After 12 days of advocacy training in the Jewish state, Jonathan Goldberg is returning to the University of Michigan with concrete plans for promoting Israel's cause on campus.
"The trick is to translate [passion for Israel] into something that somebody else would care about," said Goldberg, a sophomore who went to Israel for an advocacy workshop run by Hillel and the American Israel Public Affairs Committee (AIPAC).
"[It's about] making the people who don't really know much about Israel love Israel," he said.
With the spring semester coming, students like Goldberg are smitten with a new strategy for Israel advocacy on campus: love.
Thousands of Jewish students went to Israel over winter break on their own or in formal trips organized by groups like the Jewish Agency for Israel and Birthright Israel.
Hillel, the central Jewish campus group, unveiled a campaign called "Love Is Real," launched by sexpert Ruth Westheimer, to inspire passion -- or love -- for Israel.
"When you love something, you can disagree with aspects of the policy, but at the end of the day it's still something you very much support," said Daniel Frankenstein, a senior at UC Berkeley.
The Israel programs aim to imbue students with the knowledge and emotion only first-hand experience in Israel can provide, organizers said. The goal is for students to return to campus with personal stories and new energy to help them promote Israel effectively and get others involved in the cause.
Activists say the stakes are big. College campuses represent the next generation of American opinionmakers, and showing them Israel's side is essential for the security of the U.S.-Israel bond.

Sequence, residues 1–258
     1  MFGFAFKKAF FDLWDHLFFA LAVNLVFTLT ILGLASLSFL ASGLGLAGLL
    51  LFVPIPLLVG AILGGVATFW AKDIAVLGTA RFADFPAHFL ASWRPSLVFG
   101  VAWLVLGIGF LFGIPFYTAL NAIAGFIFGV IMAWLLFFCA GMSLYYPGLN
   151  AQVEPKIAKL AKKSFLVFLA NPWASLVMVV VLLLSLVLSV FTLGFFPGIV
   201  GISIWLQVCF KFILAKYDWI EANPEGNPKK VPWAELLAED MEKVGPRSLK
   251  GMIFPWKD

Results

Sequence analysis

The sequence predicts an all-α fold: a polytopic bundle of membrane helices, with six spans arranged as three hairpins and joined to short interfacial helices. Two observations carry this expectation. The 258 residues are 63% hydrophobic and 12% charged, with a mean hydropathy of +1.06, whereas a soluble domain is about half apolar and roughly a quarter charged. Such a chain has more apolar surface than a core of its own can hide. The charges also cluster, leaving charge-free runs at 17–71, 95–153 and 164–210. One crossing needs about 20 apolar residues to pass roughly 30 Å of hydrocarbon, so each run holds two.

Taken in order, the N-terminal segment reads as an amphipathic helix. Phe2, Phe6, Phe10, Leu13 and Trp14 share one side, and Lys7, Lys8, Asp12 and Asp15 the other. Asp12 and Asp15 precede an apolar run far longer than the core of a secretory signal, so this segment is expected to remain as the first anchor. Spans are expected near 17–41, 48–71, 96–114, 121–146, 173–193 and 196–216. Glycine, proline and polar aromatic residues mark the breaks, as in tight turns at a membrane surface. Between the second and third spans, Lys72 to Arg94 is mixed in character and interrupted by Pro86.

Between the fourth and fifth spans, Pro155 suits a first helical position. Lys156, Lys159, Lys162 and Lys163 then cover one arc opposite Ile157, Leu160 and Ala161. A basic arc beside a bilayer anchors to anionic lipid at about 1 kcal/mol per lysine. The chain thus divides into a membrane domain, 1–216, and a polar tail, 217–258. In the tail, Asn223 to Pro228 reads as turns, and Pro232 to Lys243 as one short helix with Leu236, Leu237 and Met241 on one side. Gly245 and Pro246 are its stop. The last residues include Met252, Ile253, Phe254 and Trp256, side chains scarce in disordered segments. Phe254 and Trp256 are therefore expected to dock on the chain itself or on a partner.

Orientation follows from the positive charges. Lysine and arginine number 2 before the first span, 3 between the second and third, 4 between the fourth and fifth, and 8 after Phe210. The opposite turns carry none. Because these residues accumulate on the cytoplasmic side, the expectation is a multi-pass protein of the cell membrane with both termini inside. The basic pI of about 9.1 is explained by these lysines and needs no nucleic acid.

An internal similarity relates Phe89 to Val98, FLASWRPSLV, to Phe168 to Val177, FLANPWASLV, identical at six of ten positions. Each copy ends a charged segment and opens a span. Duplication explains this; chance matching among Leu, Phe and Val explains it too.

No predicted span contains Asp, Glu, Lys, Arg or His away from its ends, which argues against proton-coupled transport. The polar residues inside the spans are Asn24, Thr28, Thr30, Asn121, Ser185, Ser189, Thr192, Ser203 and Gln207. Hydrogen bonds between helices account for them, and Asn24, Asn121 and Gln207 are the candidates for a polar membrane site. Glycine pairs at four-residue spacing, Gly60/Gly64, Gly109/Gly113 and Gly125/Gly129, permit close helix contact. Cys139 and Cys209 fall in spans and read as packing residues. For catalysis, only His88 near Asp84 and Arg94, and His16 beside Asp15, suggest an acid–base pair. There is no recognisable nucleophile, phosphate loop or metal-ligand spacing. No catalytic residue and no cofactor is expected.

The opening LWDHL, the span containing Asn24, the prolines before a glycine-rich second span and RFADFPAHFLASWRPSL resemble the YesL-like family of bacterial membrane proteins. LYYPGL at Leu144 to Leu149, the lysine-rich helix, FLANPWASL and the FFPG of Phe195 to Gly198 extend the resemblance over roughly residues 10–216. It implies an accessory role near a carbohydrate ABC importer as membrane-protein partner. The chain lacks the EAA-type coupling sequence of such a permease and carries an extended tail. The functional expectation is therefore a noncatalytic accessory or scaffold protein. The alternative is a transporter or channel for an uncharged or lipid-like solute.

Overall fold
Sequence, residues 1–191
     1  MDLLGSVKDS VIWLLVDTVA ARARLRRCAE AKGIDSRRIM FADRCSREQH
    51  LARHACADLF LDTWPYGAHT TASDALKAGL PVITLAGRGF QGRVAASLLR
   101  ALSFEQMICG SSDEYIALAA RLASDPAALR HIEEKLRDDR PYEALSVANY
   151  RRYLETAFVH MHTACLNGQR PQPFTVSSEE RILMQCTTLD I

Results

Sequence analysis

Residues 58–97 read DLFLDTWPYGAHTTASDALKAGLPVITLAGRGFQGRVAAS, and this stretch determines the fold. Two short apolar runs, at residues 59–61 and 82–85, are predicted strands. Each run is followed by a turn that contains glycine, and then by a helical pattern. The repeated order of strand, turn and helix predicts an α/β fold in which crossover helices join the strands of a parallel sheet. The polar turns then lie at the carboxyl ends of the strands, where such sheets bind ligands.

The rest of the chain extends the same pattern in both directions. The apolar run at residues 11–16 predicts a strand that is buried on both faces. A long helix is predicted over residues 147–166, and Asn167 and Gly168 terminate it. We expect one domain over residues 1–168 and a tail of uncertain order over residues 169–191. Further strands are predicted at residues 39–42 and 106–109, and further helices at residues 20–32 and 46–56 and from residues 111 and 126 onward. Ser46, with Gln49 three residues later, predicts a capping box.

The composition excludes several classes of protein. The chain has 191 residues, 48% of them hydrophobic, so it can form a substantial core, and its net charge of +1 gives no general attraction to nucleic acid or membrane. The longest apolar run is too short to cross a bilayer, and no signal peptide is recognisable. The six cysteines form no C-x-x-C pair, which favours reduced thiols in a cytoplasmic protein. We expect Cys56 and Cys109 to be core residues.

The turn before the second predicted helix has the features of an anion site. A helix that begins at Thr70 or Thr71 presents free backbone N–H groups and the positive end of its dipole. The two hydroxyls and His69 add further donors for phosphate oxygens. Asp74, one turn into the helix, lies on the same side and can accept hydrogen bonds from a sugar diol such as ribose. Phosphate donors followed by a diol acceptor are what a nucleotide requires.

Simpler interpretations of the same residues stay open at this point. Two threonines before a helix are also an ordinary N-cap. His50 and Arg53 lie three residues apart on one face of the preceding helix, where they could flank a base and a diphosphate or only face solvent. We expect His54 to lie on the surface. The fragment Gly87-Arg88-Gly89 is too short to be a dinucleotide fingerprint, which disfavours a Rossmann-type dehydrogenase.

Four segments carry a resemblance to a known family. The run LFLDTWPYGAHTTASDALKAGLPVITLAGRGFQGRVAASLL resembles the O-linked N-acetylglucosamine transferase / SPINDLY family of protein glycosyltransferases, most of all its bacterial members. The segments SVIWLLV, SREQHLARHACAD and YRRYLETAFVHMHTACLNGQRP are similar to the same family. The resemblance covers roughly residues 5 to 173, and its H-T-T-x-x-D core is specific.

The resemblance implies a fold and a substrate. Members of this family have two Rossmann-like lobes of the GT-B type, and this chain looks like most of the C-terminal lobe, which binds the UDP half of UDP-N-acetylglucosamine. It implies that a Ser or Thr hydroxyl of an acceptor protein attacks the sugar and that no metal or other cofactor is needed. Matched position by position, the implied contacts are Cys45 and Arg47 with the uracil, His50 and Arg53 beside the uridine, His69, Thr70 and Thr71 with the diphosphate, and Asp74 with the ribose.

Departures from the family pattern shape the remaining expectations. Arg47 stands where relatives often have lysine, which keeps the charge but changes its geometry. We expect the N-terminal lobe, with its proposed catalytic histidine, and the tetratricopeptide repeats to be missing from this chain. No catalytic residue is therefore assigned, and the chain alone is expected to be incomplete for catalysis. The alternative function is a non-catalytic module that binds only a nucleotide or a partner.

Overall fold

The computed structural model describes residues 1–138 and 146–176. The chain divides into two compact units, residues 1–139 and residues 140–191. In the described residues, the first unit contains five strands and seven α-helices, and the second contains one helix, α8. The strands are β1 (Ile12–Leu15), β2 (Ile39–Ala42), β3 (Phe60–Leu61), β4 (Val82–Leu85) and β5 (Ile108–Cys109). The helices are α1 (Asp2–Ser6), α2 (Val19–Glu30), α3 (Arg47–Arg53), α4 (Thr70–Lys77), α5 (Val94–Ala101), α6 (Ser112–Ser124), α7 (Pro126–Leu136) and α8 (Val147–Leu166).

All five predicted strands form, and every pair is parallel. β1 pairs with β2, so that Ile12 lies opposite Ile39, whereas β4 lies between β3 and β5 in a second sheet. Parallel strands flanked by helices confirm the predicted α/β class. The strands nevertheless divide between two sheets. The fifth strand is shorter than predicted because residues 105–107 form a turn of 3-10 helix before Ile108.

After the beginning of the intifada in September 2000 led to an outbreak of anti-Israel activism at campuses across the United States, Jewish groups have worked to craft increasingly sophisticated advocacy training for students.
Three years in, the activists behind the advocacy programs are confident the message is getting out.
Ritzy pro-Israel programs groom campus activists into savvy leaders, and sometimes even professional lobbyists. AIPAC, for example, offered full-time jobs to three of the students who attended the group's winter trip. AIPAC calls its campus strategy "retail engagement" -- dispatching pro-Israel messages on a peer-to-peer basis.
Many of the students who participate in the training programs say they feel proud about being in a positive pro-Israel movement. They say they leave the programs with an articulate message and a bevy of ideas to fuel Zionist identity, from classes on krav maga -- a type of self-defense taught in the Israeli military -- to forging ties with other campus groups.
The anti-Israel activists turn off students with their hostile attitude, some of the advocates for Israel believe.
"We're really making it clear to people that the pro-Israel movement is one that encompasses many different beliefs," Frankenstein said. "[It is] very attractive to people."
If tension resurfaces at Berkeley -- a hotbed of anti-Israel activism during the intifada -- pro-Israel activists say they're prepared.
Activists say they expect anti-Israel attacks this year to target Israel's talk of unilateral separation and the West Bank security barrier.
But not all Jewish college students have morphed into Middle East policy wonks. Many remain confused or intimidated when the Israeli-Palestinian conflict reaches campus.